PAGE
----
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Saturday, April 20, 2024

Gen Z is growing up, leaning into nostalgia as a result

How the older end of the generation is dealing with its newfound adulthood 

By CLARA FISCHER — arts@theaggie.org

Gen Z, I hate to be the bearer of bad news, but someone has to say it: We’re getting old. Though we may not quite be at the corny lack of self-awareness stage of our parents’ generation, we are slowly (but surely) starting to become more mature by the day.

Gen Z encompasses anyone born from 1997-2012, so it includes some that haven’t hit double digits yet, while those on the older end of the spectrum are nearly eligible to rent a car. This means that one part of Gen Z is going through a very different phase of their lives than those of us who are high school age or older. Since the majority of us are now at least young adults, there seems to be a collective feeling of sentimentality for times past. 

Not too long ago, there was a time when the internet went through a serious phase of 90’s nostalgia. You couldn’t escape the cult-following of the hit sitcom “Friends,” old bands were reuniting and the culture longed for the simpler times before the internet.

This wasn’t anything out of the ordinary, as research has shown that nostalgia tends to show up at watershed moments in people’s lives. Given that those who were children in the 90’s transitioned into adult life in the 2010s, it makes sense that they would collectively reminisce on a shared experience to cope. 

Now, after a couple of years have passed, it’s our generation’s turn to engage in this rite of passage.

And if the recent Y2K revival is any indication, young adults are feeling nostalgic. The ongoing craze for everything from low-rise jeans to butterfly clips seems to be endless, and it’s oddly nostalgic to see these trends come back in a slightly different manner.

Not only are fashion and beauty fads making a comeback, but there is also an ongoing revival of 2000s pop culture. 

Britney Spears, one of the era’s most notorious “it” girls, has been making headlines for a wildly different reason than the antics of her days spent clubbing with Lindsay and Paris. Her struggle to end an abusive conservatorship has resulted in fans sparking the #FreeBritney movement, with several networks even releasing documentaries about the landmark case.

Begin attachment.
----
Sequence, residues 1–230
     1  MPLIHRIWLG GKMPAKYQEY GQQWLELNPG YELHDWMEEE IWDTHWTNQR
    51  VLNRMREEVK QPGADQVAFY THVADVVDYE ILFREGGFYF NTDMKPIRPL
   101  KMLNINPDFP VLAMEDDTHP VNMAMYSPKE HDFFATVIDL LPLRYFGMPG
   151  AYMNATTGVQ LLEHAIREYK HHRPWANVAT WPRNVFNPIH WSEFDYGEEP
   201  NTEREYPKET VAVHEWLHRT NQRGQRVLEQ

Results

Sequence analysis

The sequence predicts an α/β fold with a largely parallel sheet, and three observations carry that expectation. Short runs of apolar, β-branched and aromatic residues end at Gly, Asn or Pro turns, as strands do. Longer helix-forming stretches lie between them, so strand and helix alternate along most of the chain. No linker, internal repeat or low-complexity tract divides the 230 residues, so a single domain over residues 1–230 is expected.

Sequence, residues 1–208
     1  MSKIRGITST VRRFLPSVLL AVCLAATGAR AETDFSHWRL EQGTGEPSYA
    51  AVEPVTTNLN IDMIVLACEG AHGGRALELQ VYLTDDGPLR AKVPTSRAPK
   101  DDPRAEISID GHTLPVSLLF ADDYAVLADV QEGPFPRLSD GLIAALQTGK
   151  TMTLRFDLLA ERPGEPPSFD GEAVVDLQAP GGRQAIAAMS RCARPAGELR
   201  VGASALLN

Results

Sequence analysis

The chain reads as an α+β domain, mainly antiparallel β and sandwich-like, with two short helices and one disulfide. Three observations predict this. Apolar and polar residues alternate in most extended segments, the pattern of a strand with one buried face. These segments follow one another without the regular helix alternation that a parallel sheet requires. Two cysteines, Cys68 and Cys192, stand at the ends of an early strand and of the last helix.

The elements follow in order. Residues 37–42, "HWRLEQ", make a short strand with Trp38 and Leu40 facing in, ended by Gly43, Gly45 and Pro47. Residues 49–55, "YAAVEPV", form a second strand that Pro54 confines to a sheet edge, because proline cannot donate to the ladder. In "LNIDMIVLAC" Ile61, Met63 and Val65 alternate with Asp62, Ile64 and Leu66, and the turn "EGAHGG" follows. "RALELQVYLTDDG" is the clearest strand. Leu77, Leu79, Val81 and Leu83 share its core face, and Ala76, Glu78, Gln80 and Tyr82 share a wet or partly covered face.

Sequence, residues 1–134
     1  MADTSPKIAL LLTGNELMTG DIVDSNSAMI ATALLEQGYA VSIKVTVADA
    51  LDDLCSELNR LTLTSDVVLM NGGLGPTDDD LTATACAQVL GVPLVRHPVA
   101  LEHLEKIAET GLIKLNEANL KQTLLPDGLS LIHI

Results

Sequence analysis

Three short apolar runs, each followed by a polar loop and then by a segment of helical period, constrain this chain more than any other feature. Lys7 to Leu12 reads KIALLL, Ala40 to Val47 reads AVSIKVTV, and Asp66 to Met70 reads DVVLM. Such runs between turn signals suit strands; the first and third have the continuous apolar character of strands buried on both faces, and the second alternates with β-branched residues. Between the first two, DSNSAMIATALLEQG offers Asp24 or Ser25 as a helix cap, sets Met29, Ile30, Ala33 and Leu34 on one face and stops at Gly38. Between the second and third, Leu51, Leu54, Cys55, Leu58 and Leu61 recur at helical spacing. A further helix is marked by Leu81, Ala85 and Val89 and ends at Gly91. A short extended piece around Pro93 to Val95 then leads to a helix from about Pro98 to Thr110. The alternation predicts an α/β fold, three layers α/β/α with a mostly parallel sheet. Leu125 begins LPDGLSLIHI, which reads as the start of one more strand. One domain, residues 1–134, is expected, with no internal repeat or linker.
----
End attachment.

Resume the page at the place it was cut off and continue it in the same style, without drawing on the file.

Similarly, country singer-turned-pop superstar Taylor Swift recently began rerecording her discography in order to reclaim the rights to her songs from her ex-manager Scooter Braun

Both of these women were defining figures of Gen-Z’s childhood who have recently come back into our lives in an entirely new way. Their grown-up, real world issues seem to reflect on the newfound maturity that crept up on an entire generation without their knowing.

Moreover, it appears that the musical era of our generation is slowly drawing to an end. Many of the iconic musicians we grew up with are nowhere near as relevant as they were 10 years ago (though it could be argued that some of them have reached legendary status) and are being ushered out by a new host of teenage stars. 

Take Olivia Rodrigo for example — the breakout star dubbed by many as Swift’s protegé. Her first album debuted at the top of the charts, breaking records and even passing Swift’s “Fearless” re-recording in sales.

Not only does Rodrigo mirror Swift in her songwriting abilities, but she has come under scrutiny for many of the same reasons as her idol did back in the day. Both women have gone through very public breakups, and subsequently experienced backlash for writing about their heartbreak, being deemed “dramatic” by critics (which both Rodrigo and Swift themselves have slammed for being sexist in nature). 

It’s interesting to see that the new generation faces many of the same issues we did, and will likely grow up in a similar culture to ours.

Rodrigo leads the charge for the new generation of teen superstars, along with the likes of other musicians, actors and social media influencers that are setting the stage for a new era. Maybe in a decade, we’ll be idolizing the fashion choices, A-listers and pop culture drama of the 2020s.

Written by: Clara Fischer — arts@theaggie.org

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